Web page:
Adam Bien Discusses Real World Java EE Night Hacks
With Real World Java EE Night Hacks, Adam Bien follows on from his previous book Rethinking Best Practices, this time providing more practical examples. Covering CDI, Rest, JPA2, JMX and much more, this is an essential book for Java EE developers. I spoke with Adam about his book and the future of JavaEE.
DZone: Could you introduce yourself to the readers please?
Adam Bien: My name is Adam Bien, pronounced like (Enterprise Java) Bean. I’m using Java since JDK 1.0. I’m working in Java EE 6 projects as independent (coding) consultant / architect and really enjoying it.
I especially appreciate the unbelievable productivity of Java EE 6.
DZone: How does "Real World Java EE Night Hacks" follow on from your first book, "Real World Java EE Patterns"?
Adam Bien: The purpose of the “Rethinking Best Practices” book is eradication of all superfluous J2EE Patterns and strange practices. I also introduce some lean Java EE architectural principles and new patterns. The new patterns, however, will be a lot harder to eliminate with upcoming Java EE versions :-)). The“Rethinking Best Practices” book is a Java EE pattern catalog. I had to justify my “alien” architecture over and over again in my projects. Java EE Patterns explains why Java EE is so different to J2EE.
I got several hundred questions/requests regarding a holistic view of Java EE software development.
“Night Hacks” describes x-ray - a blog statistics software written with vanilla Java EE 6 (EJB 3.1, CDI 1.0, JPA 2, Maven, JAX-RS, JUnit, Maven 3, Jenkins/Hudson...) which tracks the popularity of posts in my blog. I describe everything from design over build to stress tests as concisely as only possible.
DZone: Has much changed since you wrote Real World JavaEE Patterns?
Adam Bien: Now I have two years more Java EE experience and can be even more pragmatic. My current Java EE 6 architectures are even simpler than two years ago as “Rethinking” was written. Also some interesting patterns emerged in my client projects and even x-ray. I will extend “Rethinking” in the next iteration with new ideas. The core principles will remain the same.
Obviously the book provides a great reference to those writing Java EE applications. Which do you consider to be the most important chapter/section?
The “x-ray services” chapter discusses asynchronous processing, JMX monitoring, unit- and integration-tests, events with CDI, logging, configuration, plugin implementation and even (accidental) performance improvement of factor 250. It should be the most important chapter for a Business Tier developer.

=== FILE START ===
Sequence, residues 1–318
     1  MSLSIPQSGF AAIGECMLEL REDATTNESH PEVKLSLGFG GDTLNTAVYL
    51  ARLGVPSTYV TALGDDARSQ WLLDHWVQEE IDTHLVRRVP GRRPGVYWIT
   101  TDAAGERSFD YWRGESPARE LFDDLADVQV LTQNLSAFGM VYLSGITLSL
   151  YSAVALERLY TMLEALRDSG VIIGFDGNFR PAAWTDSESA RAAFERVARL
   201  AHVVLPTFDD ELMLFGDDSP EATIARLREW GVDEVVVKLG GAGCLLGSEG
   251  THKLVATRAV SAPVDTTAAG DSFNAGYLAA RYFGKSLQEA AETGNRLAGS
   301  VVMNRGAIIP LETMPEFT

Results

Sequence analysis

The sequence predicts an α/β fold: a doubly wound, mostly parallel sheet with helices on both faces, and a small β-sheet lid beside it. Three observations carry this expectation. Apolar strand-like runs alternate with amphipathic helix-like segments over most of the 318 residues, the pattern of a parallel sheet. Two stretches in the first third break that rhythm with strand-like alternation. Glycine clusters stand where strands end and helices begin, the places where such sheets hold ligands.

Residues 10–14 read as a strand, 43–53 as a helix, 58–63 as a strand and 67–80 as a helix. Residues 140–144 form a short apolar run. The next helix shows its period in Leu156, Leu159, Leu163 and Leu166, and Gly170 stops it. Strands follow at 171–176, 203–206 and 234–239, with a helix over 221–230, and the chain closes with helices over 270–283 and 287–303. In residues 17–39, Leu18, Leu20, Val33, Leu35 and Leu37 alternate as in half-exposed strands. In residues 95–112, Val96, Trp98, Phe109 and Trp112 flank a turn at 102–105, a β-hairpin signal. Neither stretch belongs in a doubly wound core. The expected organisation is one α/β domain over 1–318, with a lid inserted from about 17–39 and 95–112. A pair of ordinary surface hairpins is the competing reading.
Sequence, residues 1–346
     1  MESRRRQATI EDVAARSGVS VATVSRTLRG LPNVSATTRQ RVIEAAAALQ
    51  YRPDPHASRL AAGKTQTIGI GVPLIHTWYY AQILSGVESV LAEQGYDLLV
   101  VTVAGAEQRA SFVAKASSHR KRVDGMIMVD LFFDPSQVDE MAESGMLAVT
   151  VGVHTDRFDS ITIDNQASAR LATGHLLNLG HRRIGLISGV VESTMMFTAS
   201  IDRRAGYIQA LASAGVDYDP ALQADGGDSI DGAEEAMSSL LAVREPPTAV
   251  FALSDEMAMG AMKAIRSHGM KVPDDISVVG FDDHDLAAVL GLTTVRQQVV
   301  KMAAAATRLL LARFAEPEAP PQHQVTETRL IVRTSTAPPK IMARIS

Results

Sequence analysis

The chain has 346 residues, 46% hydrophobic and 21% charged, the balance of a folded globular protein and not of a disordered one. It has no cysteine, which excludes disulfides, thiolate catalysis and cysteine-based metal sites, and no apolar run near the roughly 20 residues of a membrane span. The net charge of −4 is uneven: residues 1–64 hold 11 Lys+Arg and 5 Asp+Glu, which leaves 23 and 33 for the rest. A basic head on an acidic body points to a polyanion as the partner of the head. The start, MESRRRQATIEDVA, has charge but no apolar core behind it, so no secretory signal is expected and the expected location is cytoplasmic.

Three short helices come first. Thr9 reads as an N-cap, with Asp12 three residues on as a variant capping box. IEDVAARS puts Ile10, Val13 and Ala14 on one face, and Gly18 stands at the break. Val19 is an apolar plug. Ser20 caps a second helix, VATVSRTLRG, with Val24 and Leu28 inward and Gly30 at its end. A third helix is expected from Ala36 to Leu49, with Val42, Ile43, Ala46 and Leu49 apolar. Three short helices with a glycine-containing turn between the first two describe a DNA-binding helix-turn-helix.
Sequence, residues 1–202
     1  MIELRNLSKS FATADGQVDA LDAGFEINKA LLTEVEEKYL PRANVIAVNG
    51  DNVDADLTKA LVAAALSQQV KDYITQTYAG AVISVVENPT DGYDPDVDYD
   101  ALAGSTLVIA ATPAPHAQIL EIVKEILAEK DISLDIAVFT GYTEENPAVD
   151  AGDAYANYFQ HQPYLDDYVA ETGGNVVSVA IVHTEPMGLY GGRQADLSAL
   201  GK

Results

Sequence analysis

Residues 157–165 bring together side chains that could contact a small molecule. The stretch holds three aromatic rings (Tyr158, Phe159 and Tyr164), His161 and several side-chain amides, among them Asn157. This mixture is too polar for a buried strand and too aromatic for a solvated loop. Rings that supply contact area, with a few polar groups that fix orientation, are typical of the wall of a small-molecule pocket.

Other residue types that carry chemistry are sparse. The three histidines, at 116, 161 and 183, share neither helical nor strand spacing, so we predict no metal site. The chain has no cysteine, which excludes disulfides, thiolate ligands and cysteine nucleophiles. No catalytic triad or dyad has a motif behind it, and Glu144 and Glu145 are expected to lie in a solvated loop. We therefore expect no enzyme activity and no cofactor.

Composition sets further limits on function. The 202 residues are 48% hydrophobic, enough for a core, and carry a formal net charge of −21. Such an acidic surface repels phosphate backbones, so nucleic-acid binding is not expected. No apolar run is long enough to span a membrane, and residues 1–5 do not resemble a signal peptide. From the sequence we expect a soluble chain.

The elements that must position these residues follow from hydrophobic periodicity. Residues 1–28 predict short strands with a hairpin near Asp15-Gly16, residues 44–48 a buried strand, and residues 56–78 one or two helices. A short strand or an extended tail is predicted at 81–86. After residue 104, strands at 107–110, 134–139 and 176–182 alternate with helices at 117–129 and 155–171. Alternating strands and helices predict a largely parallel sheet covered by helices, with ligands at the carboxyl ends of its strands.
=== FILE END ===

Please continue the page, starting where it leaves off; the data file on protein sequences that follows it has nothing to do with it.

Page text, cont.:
DZone: I noticed that you the foreword is written by James Gosling - is he a fan of your books?
Adam Bien: I don’t think so :-). He invented Java and I’m just using it. We both are fans of NetBeans and GlassFish. If you would just have to getting things done - the NetBeans / GlassFish is the way to go.
DZone: Have you plans for any more books?
Adam Bien: It really depends on the reader’s feedback for “Real World Java EE Night Hacks - Dissecting the Business Tier” and the amount of my dead time. Writing books is boring comparing it to writing software. I only manage to writing books when I travel, in hotels or even sometimes in not that productive meetings.
DZone: Can you give any examples of work you have done?
Adam Bien: Unfortunately not. The reason why I created x-ray and wrote “Java EE Night Hacks” are the countless NDAs I had to sign in 90% of all projects. ...and I have no idea, what the 10% of the remaining projects actually are :-). What I can tell you - J2EE dies slowly, Java EE 5 is widely used in governments, huge enterprise projects, and I get more and more requests to introduce Java EE 6 even to smaller companies and startups.
DZone: Apart from your own books, what books would you recommend to Java developers?
- Beginning Java EE 6 with GlassFish 3
- RESTful Java with Jax-RS
- Enterprise JavaBeans 3.1
- Pro JPA 2: Mastering the Java(TM) Persistence API
- JavaServer Faces 2.0, The Complete Reference
But the best of all - you don’t have to buy any. The huge advantage of Java EE 6 is the specification and JSRs in particular. You can download well-written PDF documents for free. I use them all the time in my day to day work to lookup things. Just go to jcp.org and enter: 299, 316, 317, 318, 303, 311 or 330 and you will get PDFs with explanations, descriptions and samples ...for free. The Java EE 6 tutorial is also a good starting point.
DZone: What is your opinion on Spring, especially Spring Roo and the Play framework?
Adam Bien: Play, Vaddin, Wicket, Hibernate, EclipseLink, Seam, Spring, qi4j, PicoContainer, Guice, Grails, Rails, Lift or thousands others are interesting alternatives, implementations and innovative ideas. Without them Java EE would be not viable. IMHO Java EE should look at working, mature and popular solutions and abstract the good parts. As as consequence it will lag a bit behind the implementations. So JPA 2.X will always be a bit less capable than hibernate or JSR-330 less capable than DI in Spring.
However, I always start with a standard like Java SE, then Java EE and in case it is not sufficient, I expand it capabilities with the alternatives. But only then. The more vendors are implementing an API, the better for my clients.
DZone: What is the future of JavaEE?
Adam Bien: The future of Java EE is bright. Java EE 6 is more and more popular (all sessions / workshops are sold out), gets more momentum (many projects are starting right now), and even more interesting servers are on horizon (e.g. JBoss 7, TomEE, Resin, or Siwpas).
Java EE 7+ should be further simplified first. All superfluous APIs and parts of the APIs should be pruned, deprecated and removed. Java EE 8+ should leverage the Java SE 8 features like Jigsaw or fork-join.